Strong national industrial manslaughter legislation is what Australian workers need, but a national law is not supported by the Federal Government.
As a Workers’ Compensation lawyer in national law firm, I see the lack of consistency across the states and believe there should be national standards to protect all workers. Workers should feel safe no matter what state they live in.
The recent death of a worker in Sydney’s Port Botany who was crushed between two shipping containers, and delays in commitment from the NSW Government to investigate industrial manslaughter laws, highlight the need for national reform.
In the meantime, the NSW State Government needs to take fast action on industrial manslaughter laws to catch up to Queensland and the ACT.
Right now in NSW, there doesn’t seem to be consequences for employers. The penalties are so pitiful that the employers just don’t care. But if corporations had to pay a major fine, individual directors and people managing and controlling workplaces had to face 25 years jail time and sites got closed by unions, it might be a different story.
For me, even smaller scale accidents don’t seem to grab SafeWork NSW's attention to say these deaths have to stop. The employers get away with not having the right processes in place. It shows what little regard they have for human life.
The man who died at Port Botany is the fifth worker to have been killed in Sydney in the past five weeks.
Aren’t these deaths high profile enough to have the State and Federal Governments take action?
At Port Botany, SafeWork NSW should be shutting down the site until better practices are in place to avoid people being killed while at work – a place where they should be safe.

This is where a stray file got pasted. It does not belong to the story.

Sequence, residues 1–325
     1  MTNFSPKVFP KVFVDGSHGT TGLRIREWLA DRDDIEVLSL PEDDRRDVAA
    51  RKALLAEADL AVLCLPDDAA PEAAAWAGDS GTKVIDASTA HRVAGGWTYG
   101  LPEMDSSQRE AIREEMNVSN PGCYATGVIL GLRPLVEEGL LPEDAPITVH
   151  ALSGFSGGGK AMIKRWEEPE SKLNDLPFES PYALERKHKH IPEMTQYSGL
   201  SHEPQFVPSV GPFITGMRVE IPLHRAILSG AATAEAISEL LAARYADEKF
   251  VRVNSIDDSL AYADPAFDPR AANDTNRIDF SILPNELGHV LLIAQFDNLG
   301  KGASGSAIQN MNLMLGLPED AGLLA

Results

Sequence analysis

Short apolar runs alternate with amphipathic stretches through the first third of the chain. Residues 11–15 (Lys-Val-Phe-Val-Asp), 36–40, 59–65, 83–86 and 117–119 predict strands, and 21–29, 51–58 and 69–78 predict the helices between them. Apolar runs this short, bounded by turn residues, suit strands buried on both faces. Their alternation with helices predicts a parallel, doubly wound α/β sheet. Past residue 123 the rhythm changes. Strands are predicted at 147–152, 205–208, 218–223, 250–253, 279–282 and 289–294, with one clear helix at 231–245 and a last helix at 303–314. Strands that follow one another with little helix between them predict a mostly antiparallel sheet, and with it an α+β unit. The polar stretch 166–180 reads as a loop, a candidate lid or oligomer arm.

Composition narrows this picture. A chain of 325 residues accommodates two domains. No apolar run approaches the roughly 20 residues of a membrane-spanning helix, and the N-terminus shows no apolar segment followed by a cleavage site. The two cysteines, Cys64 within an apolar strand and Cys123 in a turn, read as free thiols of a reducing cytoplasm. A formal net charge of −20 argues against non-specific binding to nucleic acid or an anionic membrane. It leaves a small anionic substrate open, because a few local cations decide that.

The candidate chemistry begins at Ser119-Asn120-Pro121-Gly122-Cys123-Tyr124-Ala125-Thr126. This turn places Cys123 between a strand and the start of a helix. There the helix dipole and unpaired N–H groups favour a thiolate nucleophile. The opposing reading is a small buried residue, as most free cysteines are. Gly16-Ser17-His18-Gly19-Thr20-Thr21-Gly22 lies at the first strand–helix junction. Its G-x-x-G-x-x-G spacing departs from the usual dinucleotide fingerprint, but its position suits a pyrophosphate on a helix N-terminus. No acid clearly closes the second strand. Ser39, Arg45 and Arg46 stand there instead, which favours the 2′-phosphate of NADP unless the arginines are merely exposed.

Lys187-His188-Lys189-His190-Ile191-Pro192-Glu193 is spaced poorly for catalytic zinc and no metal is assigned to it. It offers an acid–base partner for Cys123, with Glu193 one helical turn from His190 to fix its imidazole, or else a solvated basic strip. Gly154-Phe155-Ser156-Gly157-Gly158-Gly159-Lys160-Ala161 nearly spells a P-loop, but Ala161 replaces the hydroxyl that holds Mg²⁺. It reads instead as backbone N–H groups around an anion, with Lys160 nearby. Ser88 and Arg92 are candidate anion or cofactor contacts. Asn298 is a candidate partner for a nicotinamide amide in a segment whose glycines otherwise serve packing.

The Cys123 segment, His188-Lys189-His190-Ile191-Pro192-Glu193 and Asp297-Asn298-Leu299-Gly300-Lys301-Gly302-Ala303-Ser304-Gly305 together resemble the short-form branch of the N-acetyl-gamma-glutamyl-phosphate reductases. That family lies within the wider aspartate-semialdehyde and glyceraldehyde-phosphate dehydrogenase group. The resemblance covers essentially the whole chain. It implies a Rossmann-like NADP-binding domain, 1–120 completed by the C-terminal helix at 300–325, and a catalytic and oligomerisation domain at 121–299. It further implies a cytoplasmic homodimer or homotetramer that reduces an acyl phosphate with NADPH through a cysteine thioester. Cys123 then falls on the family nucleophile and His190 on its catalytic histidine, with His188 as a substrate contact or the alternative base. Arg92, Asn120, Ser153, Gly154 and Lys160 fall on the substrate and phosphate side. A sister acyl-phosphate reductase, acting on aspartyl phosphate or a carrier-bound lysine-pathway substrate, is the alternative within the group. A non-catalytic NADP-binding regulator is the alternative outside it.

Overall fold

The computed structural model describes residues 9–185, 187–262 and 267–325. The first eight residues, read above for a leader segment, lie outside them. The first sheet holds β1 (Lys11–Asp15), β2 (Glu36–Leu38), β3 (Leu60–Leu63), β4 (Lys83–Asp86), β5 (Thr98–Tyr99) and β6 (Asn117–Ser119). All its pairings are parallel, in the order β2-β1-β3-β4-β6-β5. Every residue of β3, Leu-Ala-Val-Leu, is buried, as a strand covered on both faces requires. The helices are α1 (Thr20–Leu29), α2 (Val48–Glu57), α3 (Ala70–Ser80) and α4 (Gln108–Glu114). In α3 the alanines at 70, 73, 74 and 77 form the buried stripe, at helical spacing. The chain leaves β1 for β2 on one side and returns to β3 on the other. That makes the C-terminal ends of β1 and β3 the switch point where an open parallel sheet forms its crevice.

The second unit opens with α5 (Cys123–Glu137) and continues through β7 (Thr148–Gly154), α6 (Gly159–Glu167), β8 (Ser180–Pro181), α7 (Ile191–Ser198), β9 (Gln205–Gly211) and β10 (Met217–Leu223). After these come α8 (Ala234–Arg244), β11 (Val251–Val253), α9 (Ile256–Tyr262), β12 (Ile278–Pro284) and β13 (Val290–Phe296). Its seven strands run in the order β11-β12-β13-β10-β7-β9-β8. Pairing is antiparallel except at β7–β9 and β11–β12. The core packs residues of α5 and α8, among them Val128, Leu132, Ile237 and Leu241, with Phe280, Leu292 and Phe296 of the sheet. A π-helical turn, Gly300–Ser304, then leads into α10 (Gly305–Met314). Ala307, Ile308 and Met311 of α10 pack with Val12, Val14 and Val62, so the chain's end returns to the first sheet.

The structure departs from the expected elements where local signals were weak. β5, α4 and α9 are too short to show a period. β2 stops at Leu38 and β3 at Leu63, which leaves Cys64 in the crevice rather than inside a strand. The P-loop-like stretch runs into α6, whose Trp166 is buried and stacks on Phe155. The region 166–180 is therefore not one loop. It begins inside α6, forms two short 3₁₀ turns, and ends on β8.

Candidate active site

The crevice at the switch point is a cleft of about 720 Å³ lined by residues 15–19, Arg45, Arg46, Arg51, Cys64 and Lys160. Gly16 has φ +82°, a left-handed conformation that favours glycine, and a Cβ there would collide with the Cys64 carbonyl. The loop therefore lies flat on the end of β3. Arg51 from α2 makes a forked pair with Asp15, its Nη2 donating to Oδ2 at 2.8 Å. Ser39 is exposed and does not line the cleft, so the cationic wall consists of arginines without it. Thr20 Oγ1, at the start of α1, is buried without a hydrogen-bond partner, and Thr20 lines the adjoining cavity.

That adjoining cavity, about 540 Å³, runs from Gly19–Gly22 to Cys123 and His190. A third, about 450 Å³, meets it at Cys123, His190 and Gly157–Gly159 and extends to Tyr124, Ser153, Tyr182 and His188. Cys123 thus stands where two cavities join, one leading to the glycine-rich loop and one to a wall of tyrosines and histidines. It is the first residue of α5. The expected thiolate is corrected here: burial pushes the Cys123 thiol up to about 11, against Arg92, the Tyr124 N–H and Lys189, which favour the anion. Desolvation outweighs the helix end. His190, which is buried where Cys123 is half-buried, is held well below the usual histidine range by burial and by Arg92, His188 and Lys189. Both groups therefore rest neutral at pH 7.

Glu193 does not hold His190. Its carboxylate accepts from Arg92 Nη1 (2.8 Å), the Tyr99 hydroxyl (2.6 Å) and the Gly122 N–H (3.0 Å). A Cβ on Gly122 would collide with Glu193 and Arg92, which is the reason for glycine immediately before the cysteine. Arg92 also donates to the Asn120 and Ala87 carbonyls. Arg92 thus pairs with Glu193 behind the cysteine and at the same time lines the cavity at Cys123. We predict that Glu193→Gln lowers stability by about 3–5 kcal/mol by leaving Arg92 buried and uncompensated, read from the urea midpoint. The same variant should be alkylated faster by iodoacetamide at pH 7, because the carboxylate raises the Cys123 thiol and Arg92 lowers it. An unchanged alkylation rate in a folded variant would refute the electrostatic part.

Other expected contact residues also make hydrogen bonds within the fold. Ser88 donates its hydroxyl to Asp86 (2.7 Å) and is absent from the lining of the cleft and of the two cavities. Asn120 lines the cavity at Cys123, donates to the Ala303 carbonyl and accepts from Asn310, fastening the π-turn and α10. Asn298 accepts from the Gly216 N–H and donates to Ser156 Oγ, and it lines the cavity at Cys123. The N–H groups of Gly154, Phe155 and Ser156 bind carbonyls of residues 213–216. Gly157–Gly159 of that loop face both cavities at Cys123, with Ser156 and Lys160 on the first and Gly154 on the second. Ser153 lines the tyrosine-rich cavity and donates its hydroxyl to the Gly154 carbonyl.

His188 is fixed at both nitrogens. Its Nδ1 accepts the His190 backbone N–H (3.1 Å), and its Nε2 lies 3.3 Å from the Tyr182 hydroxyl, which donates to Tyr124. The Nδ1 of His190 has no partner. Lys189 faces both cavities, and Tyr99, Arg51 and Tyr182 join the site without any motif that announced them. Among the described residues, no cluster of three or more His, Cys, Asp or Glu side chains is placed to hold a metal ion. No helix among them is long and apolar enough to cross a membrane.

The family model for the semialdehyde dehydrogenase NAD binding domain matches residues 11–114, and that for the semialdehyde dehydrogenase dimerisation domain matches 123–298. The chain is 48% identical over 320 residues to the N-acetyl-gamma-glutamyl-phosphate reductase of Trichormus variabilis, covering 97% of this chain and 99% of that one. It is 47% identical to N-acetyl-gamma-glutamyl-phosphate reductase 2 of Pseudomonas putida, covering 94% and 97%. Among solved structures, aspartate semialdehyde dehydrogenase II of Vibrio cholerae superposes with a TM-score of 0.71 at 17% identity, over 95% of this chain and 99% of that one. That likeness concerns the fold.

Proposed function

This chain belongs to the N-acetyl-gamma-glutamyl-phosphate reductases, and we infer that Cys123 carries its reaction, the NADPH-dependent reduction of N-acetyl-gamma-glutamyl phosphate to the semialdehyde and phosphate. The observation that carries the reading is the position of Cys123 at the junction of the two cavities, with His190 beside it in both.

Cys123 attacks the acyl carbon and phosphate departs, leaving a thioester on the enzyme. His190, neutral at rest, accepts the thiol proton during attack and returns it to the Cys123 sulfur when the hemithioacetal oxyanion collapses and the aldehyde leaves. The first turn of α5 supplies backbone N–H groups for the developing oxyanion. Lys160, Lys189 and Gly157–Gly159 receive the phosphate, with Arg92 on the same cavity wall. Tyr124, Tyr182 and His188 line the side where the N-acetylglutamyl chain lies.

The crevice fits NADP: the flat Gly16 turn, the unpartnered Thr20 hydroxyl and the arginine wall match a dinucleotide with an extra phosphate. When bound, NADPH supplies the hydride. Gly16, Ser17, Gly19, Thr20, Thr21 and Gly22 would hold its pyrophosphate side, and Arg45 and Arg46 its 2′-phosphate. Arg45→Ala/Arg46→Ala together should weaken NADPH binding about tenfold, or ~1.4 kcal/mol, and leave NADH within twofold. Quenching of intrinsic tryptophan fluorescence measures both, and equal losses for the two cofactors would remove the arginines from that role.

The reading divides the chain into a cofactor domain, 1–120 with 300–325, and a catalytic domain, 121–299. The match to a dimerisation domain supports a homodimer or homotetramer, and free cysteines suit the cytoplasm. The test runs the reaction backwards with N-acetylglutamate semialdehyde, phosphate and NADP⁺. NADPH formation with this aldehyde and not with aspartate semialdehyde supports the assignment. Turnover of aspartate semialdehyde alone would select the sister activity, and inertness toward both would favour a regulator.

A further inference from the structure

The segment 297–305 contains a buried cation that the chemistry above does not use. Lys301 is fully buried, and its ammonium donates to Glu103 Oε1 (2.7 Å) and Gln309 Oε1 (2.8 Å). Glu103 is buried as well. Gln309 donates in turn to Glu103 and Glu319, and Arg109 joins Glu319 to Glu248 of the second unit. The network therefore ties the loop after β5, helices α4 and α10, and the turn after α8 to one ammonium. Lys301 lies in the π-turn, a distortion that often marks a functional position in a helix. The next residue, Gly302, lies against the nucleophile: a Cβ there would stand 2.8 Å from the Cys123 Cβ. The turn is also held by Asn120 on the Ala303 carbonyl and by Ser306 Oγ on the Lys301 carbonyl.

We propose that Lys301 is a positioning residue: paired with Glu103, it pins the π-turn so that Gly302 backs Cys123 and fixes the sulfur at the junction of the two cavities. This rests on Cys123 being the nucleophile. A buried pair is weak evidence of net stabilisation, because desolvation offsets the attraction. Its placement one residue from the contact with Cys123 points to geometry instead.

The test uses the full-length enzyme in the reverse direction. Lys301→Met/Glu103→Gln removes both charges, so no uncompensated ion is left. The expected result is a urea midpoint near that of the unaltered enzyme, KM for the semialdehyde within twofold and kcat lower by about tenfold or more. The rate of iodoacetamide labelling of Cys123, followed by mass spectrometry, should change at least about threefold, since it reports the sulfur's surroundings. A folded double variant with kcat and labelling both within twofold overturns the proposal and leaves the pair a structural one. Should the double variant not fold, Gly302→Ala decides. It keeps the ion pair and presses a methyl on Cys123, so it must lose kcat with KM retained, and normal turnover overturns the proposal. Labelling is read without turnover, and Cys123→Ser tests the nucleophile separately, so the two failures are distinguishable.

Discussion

An incident like this is the worst of it. But there is so much more. Many people experience significant injuries on the job and can’t return to work.
The NSW State Cabinet may have signed off on reforms to make it easier to prosecute companies and individuals, but this will likely not be enough. Under the reform, prosecutors would only have to prove “gross negligence” rather than “recklessness” under a revamped NSW Work Health and Safety Act.
The corporations should have responsibilities but right now, there are just no consequences. Under the current NSW law, prosecutors need to identify a grossly negligent individual and attribute their conduct to the organisation.
There are also questions around whether or not organisations should be able to continue recovering the cost of related penalties under insurance.
At the end of the day, employers should be liable for gross negligence of their workers. They have a non-delegable duty of care for their workers.
As an employer, you shouldn’t be sending a worker onsite without knowing it is safe. If it’s not guaranteed to be safe, a strong national industrial manslaughter law may make employers think twice about whether they can afford to expose their workers to that workplace.
In my line of work, I have looked after clients after workers have fallen off cranes and ended up with a visual impairment or brain injury. The course of their lives are forever changed.
If it’s a traumatic fall or incident, there might be multiple injuries that lead to a significant impairment.
Queensland introduced the laws in 2017, after several workplace deaths in 2016. And in Victoria, employers whose negligence lads to the death of an employee, will face up to 20 years in jail under new laws to be introduced. So perhaps NSW needs to step up and do the same, if the Federal Government won't.